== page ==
Maps feed your imagination

Maps lead to real as well as imaginary journeys. To me, a map makes everything clear somehow. It shows  that you can actually go places and do things. I am lucky in that I can “see” maps. Looking at a map, especially a topographic map, lets me see the terrain and the country depicted. I am also intrigued by how things fit together, how countries relate to each other. In fact, I have always found interesting the role geography plays in how countries, cities, and peoples interact with one another.

Recently, Steve Baker donated a magnificent framed map to the Montrose Regional Library. It has been mounted in the Colorado Room if you wish to view it. Map No. 4, produced in 1855, depicts the lands from COO-CHE-TO-PA PASS to the WAHSATCH MOUNTAINS. The map was made from expeditions and surveys made under the direction of the Hon. Jefferson Davis, Secretary of War. Yes, the same Jefferson Davis who went on to serve as the only President of the Confederate States of America. Another familiar name, Capt. J. W. Gunnison, Top. Eng. made the map, assisted by E. G. Beckwith, 3. Artillery, and P. H. Kern is listed as Topographer in the Field.

Looking at the map, one will see some familiar names besides Cochetopa Pass and the Wasatch Mountains. In addition there is the Un-com-pah-gre River, today’s Gunnison River is known as the Grand River, the Silver Mountains, or the Sierra de la Plata. These are the beautiful San Juan Mountains we are fortunate to view to the South every day.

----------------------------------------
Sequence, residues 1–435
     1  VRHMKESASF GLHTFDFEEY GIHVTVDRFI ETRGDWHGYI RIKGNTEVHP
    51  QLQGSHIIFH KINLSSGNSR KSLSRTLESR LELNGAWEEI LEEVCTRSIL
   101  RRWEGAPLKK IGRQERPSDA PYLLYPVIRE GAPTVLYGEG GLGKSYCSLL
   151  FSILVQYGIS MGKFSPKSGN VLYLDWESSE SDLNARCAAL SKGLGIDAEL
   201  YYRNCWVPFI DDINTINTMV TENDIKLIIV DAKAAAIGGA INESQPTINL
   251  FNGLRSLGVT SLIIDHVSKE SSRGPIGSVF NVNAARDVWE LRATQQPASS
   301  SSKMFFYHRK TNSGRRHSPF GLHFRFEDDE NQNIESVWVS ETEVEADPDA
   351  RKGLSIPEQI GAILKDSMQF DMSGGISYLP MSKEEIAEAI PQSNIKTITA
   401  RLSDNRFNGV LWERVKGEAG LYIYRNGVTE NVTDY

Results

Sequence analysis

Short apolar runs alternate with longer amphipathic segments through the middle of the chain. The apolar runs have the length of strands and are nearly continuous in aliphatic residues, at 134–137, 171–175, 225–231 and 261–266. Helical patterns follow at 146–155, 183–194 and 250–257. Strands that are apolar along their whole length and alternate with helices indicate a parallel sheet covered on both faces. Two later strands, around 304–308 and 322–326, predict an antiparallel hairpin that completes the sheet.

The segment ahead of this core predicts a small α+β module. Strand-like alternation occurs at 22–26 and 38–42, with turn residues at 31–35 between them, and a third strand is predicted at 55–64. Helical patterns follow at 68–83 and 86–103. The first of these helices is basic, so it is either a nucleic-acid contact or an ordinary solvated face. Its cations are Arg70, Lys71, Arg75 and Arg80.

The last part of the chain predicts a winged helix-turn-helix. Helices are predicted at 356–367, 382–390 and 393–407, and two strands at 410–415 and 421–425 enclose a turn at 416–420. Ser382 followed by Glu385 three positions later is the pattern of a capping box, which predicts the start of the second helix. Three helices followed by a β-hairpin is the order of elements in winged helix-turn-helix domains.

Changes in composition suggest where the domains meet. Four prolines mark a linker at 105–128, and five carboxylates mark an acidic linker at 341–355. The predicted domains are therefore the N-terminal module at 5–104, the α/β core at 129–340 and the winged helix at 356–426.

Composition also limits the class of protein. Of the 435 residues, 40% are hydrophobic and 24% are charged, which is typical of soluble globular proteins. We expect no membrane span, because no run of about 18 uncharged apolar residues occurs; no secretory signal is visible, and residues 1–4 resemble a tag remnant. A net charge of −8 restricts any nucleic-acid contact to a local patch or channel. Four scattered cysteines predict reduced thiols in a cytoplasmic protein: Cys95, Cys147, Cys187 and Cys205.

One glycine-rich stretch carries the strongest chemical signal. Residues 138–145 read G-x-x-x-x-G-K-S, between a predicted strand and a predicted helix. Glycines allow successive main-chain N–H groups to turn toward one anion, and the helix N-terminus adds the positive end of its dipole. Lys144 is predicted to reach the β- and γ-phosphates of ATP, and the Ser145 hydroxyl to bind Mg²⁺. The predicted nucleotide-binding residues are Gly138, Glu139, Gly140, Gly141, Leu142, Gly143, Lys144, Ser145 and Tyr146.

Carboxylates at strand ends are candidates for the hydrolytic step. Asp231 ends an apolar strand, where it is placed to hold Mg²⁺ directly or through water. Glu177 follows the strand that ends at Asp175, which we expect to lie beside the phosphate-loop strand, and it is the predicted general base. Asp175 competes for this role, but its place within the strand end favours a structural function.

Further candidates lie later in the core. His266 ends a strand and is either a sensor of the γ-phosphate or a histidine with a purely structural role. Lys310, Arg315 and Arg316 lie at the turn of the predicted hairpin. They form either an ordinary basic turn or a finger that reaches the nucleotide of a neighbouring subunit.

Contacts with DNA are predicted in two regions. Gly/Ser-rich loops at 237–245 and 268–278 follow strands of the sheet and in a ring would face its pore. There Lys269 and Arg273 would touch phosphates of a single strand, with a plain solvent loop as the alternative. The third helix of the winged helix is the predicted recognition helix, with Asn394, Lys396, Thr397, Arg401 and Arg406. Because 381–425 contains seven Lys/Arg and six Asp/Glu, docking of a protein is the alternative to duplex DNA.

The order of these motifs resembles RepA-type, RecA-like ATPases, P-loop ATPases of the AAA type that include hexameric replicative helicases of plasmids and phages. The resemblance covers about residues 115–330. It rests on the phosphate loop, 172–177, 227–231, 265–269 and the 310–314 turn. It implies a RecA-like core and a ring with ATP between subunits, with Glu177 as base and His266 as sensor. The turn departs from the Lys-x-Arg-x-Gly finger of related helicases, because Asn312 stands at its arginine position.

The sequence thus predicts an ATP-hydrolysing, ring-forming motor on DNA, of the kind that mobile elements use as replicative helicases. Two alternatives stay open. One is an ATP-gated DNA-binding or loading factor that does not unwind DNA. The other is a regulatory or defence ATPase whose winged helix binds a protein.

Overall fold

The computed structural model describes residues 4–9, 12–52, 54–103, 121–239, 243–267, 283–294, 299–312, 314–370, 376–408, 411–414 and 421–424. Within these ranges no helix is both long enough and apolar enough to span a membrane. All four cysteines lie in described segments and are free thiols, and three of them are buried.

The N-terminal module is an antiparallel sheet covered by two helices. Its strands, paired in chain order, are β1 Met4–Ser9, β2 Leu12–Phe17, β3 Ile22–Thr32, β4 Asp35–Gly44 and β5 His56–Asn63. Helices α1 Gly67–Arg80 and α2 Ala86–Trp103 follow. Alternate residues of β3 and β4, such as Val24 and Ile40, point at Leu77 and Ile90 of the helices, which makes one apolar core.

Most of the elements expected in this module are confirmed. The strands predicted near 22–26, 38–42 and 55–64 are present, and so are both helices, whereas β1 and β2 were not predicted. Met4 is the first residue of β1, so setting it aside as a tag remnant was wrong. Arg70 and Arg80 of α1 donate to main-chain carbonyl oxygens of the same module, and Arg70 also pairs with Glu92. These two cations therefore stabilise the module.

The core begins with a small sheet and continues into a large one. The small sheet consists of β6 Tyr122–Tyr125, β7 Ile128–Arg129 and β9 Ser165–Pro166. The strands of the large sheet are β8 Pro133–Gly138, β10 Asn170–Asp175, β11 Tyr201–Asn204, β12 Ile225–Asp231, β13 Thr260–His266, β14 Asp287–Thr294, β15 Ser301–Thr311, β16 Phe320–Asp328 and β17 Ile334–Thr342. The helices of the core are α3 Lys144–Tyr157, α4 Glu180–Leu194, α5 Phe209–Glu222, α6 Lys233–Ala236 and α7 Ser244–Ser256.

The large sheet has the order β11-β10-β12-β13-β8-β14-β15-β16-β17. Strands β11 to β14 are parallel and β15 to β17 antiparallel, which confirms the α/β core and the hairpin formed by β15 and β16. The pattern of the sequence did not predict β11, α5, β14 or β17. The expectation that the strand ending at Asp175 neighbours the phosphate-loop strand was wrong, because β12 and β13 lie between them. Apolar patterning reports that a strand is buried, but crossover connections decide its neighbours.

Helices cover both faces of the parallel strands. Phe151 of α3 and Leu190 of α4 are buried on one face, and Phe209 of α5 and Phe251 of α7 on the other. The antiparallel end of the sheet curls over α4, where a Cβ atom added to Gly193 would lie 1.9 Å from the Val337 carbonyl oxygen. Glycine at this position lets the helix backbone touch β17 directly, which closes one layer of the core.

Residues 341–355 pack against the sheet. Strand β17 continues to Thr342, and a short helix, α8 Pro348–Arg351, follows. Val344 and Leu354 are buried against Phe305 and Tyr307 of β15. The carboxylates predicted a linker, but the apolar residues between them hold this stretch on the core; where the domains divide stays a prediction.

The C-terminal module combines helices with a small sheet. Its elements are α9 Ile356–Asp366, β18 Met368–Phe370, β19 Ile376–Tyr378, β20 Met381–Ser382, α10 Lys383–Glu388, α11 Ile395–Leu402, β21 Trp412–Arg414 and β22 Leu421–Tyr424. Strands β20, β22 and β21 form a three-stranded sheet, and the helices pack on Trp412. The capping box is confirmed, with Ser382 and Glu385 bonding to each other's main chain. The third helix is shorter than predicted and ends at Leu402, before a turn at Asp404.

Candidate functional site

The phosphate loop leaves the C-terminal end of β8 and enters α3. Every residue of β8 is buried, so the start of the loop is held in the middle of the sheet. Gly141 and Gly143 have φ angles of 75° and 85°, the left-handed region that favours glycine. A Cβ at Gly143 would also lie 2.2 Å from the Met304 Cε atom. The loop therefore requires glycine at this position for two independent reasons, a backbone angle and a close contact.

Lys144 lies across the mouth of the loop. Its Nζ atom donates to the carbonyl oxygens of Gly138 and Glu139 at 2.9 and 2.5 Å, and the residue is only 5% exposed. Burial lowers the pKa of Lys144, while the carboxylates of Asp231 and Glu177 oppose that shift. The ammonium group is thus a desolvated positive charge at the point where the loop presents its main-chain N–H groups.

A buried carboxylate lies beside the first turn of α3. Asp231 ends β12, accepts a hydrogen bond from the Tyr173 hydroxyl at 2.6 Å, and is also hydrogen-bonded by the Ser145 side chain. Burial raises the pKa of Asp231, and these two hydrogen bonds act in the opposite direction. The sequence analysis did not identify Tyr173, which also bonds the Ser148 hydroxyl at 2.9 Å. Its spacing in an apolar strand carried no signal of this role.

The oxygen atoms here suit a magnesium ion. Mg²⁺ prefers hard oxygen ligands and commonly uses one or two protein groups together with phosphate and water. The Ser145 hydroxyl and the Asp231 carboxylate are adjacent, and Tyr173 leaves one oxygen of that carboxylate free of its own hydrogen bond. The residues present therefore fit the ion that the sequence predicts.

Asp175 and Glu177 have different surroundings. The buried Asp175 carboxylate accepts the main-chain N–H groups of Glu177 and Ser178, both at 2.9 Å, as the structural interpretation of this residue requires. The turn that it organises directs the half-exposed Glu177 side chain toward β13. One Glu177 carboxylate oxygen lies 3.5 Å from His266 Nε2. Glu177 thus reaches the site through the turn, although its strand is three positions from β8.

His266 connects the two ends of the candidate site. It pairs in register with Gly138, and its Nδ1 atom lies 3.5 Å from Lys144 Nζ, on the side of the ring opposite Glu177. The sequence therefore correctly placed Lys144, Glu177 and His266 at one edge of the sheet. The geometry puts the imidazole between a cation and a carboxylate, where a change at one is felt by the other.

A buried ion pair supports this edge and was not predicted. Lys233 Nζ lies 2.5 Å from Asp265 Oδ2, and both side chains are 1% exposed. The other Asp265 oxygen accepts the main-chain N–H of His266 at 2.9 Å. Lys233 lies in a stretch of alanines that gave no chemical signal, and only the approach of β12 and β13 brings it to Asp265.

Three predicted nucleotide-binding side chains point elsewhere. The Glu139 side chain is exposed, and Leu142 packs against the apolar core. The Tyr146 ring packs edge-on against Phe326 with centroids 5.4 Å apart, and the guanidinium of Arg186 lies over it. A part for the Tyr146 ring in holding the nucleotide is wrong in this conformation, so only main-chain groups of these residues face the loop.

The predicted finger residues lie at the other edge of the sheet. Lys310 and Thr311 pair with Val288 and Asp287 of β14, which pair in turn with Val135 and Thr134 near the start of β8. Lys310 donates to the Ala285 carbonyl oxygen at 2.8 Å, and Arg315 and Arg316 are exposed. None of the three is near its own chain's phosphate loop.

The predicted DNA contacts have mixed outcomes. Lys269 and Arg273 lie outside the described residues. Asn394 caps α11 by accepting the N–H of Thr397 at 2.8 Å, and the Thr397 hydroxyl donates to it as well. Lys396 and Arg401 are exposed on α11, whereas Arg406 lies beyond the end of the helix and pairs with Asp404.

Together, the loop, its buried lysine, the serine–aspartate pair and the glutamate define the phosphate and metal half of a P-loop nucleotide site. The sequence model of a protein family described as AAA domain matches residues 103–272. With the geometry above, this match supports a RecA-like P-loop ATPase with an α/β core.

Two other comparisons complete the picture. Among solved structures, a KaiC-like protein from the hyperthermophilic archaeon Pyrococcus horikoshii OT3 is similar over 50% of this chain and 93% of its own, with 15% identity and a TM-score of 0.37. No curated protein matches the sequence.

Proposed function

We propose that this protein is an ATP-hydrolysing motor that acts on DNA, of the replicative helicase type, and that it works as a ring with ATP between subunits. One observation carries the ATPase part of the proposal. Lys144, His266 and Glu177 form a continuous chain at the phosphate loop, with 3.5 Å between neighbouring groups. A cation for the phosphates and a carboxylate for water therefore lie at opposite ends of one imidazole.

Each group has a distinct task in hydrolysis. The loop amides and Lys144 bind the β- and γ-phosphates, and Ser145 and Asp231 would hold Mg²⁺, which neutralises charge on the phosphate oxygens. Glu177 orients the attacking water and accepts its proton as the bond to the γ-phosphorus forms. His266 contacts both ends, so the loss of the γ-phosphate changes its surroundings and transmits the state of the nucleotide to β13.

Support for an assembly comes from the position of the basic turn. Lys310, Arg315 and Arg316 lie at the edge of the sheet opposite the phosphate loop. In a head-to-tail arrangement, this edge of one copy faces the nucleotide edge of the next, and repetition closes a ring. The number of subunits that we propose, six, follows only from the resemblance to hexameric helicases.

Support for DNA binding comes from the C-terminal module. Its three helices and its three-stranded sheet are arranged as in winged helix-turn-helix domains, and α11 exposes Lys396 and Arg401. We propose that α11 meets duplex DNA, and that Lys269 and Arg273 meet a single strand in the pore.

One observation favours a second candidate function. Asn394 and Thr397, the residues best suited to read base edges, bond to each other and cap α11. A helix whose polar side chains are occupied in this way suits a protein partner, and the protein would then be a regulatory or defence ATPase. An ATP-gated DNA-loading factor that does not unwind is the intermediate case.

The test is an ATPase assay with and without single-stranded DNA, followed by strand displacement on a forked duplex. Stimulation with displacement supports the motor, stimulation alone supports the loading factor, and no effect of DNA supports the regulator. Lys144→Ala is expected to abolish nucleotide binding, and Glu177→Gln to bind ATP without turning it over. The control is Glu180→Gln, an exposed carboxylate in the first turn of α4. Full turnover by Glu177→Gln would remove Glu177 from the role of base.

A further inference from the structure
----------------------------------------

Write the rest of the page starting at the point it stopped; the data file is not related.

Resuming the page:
Before he passed away, Dennis Devor arranged to donate his extensive collection of topographic maps to the Library District. These, along with our existing collection make up an impressive accumulation indeed. In all, the collection houses over 500 unique topographic maps from all over Colorado. I would bet it covers many of your favorite hikes. The maps range in date from the 1920s to the 2000s and on them you will discover the sites of ‘off the beaten path’ ghost towns, cemeteries, railroads, mines, mining trails and other historic places.

The large format of these maps will let you visualize your routes in a way that looking at a GPS device, your phone, or your tablet, cannot display. These gems allow you to see Colorado as it used to be, before dams were built and towns and valleys inundated, before towns grew beyond their original borders and other towns died and were forgotten.

Come check out the map case in the Adult Services area of the Montrose Regional Library. Staff will be happy to help you use the new index to what the library has in the collection. The staff went to great effort to create this index which will hopefully lead to many discoveries. Happy trails in your explorations both in and out of the library.

About the author

Paul Paladino

Paul Paladino

Paul is the Montrose Library District Director